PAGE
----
Review Verdict: If you are all about big and grand soundstage at a relatively compact size, the Tranya M10 TWS might be for you. It has a big, bold sound, thanks largely to its huge 14.2mm graphene drivers—arguably the biggest I’ve seen on a pair of TWS earbuds.
I appreciate the improvements made on the M10 over the T10 like a more ergonomic design and well-placed physical buttons, though I still wish Tranya actually made an app for both TWS earbuds for better futureproofing.
- Huge drivers deliver a great and broad soundstage
- Good ergonomics despite its chunky size
- Well-placed physical buttons
- Still no accompanying app for future upgrades
- No LED indicator lights for battery status
- May be chunky for some users
If the T10’s 12mm graphene drivers are too small for your liking, Tranya has a better and more premium offering with the M10. Aside from having bigger 14.2mm drivers, the M10 has a more ergonomic design that includes relocated controls for the physical buttons. Should you consider this big boy over their smaller offering?
While the charging case looks similar to the T10, the M10 is significantly bigger in size. You get the same look and finish as the smaller T10 as well as a USB-C charging port. The only notable omission on the M10 is the LED indicators for indicating battery status. While it’s a relatively minor gripe, I would have still liked to have an LED indicator so that I know if my TWS earbuds have enough charge for the long haul.
Opening the case reveals the buds themselves, which are also physically bigger because of the 14.2mm drivers and have a more pronounced oblong shape. You get the Tranya logo and LED indicator on the body, while the controls—physical buttons this time—are located on the side. Despite having physical buttons, the M10 can be used for workouts thanks to its IPx5 rating.
While the M10 is similar to the T10 since you can adjust volume, manage playback, and switch between normal and Bass Boost, Tranya tweaked the controls in a good way: the number of taps has been reduced and you now have a double tap+hold function for changing tracks. It also helps that the physical buttons are placed on the side instead of dead center into the body. Using them as my daily drivers, I found itt easy to make volume adjustments and manage music playback with this kind of setup.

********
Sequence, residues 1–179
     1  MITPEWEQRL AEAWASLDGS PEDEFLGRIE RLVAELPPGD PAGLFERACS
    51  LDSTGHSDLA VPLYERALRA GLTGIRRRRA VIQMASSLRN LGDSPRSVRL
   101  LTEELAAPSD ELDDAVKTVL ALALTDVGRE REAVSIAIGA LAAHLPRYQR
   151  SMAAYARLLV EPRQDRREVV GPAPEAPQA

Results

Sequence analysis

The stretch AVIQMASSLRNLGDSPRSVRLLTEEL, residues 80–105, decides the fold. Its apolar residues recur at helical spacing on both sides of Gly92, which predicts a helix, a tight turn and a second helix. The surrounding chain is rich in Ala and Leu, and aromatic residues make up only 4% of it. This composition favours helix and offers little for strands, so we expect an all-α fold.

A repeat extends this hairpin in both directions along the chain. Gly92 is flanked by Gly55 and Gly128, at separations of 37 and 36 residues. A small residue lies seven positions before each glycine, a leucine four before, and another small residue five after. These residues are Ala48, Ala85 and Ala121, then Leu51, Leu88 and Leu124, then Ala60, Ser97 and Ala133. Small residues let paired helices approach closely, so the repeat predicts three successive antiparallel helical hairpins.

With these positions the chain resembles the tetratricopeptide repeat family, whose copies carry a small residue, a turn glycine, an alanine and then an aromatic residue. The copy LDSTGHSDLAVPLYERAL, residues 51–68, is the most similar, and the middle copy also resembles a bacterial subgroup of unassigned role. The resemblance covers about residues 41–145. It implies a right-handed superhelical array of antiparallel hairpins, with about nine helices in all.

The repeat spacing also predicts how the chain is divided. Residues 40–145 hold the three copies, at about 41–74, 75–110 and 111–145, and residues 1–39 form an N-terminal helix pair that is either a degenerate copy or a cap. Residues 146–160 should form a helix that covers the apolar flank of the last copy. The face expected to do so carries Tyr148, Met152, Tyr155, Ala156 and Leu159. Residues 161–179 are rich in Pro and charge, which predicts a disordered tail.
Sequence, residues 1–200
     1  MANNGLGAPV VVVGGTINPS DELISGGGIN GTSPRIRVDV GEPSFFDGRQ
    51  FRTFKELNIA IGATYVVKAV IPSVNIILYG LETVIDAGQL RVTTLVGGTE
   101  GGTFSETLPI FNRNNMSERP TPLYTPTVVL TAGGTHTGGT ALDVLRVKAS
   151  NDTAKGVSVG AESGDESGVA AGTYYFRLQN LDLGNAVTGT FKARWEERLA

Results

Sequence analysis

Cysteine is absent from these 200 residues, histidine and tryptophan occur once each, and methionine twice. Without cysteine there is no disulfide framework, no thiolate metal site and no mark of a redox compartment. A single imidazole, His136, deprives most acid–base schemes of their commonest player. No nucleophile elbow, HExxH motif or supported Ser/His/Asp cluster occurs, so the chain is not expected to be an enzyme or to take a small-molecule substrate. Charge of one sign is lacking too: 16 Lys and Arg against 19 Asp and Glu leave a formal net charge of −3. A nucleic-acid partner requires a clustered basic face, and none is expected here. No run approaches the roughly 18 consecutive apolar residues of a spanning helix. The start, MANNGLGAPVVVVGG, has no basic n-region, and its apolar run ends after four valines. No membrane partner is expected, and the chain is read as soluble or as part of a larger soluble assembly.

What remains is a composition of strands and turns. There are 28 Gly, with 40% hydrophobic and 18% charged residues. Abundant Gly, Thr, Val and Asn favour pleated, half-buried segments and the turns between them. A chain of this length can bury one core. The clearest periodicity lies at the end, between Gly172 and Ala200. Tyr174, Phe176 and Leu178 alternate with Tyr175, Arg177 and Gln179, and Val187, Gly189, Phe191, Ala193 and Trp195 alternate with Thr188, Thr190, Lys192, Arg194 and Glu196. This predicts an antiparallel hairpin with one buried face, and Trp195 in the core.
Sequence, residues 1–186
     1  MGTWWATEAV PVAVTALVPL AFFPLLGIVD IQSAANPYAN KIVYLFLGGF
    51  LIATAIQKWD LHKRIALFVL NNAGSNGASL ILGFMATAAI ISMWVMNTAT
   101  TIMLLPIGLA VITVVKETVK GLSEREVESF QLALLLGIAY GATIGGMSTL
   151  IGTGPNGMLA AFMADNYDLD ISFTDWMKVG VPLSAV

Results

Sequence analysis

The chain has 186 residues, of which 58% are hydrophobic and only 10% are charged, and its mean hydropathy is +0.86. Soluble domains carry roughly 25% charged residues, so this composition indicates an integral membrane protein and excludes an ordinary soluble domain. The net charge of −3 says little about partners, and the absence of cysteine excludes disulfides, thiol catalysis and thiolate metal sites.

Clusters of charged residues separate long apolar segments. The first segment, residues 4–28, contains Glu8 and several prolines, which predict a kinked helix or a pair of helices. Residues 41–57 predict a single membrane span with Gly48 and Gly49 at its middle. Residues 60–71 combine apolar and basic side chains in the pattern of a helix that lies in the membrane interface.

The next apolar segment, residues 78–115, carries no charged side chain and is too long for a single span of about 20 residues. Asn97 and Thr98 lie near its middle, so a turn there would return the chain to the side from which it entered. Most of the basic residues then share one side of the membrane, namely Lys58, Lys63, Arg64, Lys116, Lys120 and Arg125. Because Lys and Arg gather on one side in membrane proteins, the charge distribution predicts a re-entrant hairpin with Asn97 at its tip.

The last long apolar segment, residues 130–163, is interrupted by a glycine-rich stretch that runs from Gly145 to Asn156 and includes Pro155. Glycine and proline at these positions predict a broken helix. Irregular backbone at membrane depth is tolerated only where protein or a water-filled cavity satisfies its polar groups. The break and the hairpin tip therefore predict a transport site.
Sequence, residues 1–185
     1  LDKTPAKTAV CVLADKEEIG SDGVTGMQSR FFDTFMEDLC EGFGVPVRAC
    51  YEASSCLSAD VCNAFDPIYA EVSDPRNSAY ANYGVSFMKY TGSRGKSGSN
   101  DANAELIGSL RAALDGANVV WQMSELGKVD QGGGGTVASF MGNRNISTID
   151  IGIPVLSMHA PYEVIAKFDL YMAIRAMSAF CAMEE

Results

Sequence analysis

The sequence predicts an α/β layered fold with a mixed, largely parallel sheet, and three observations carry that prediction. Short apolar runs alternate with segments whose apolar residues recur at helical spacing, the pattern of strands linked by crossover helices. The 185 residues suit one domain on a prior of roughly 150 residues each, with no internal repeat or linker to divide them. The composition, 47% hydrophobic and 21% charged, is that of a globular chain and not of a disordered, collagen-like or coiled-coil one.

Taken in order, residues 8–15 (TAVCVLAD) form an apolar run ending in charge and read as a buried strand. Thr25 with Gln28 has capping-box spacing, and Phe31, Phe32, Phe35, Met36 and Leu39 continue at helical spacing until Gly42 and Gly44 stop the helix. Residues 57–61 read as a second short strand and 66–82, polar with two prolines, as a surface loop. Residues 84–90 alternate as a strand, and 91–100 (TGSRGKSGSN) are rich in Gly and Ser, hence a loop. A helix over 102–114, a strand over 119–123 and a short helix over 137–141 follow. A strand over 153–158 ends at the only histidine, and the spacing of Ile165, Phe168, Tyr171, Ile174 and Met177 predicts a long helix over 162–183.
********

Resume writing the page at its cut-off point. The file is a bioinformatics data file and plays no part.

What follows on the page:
I do appreciate that Tranya made these improvements on the overall interface of the M10, though I’m still hoping that they come up with a companion app for it. Aside from opening the possibilities of upgrading firmware, having a companion app can be a perfect opportunity in remapping the controls according to the user’s preference.
Despite being a chunky boi, the M10’s ergonomics is actually good. Sure they do poke out of my ears when I wear them, but Tranya did make an effort to design them in such a way that you can wear these chunky earbuds for a prolonged period.
Like the T10, the M10 comes with aptX, normal and Bass Boost options, and Bluetooth 5.0. But because the M10 uses bigger 14.2mm drivers—which is arguably the biggest in a pair of TWS earbuds—the overall soundstage is wider compared to the T10.
Listening through my favorite Chvrches and The Weeknd tracks with the M10, I noticed how deep the lows are and how wide is the range for the mids and highs. It felt like I was listening to a pair of over-ear headphones, except that this is attained using a relatively smaller form factor.
For calls, the M10’s 4-microphone system is a big upgrade over the T10 as it makes them better for masking background noise during calls—which also makes them great for those Zoom meeting sessions.
As for battery life, the M10’s bigger size translates to longer use times: up to 10 hours on a single charge and up to 80 hours with the charging case. I’ve been using the M10 for 3 weeks and I have yet charged them since unboxing it. My use would range anywhere between an hour to two a day—that’s solid proof that the M10 is great for those long-haul trips once traveling is deemed safe.
For charging, you also get both wired and wireless charging on the M10, with the charging speeds for both modes being similar to what I have experienced with the T10.
If you are all about anything grand at a relatively compact package, our Tranya M10 review concludes that those huge 14.2mm drivers deliver a very broad soundstage with a wide range—all while keeping accessible under Php 3k price tag. They may be huge, but the overall ergonomics and location of the physical buttons make them a pleasure to use even for long listening sessions.
While I appreciate the updates Tranya did to how the physical buttons work, I am still hoping that they come up with a companion app to make the M10 futureproof with customizable controls and possible firmware updates.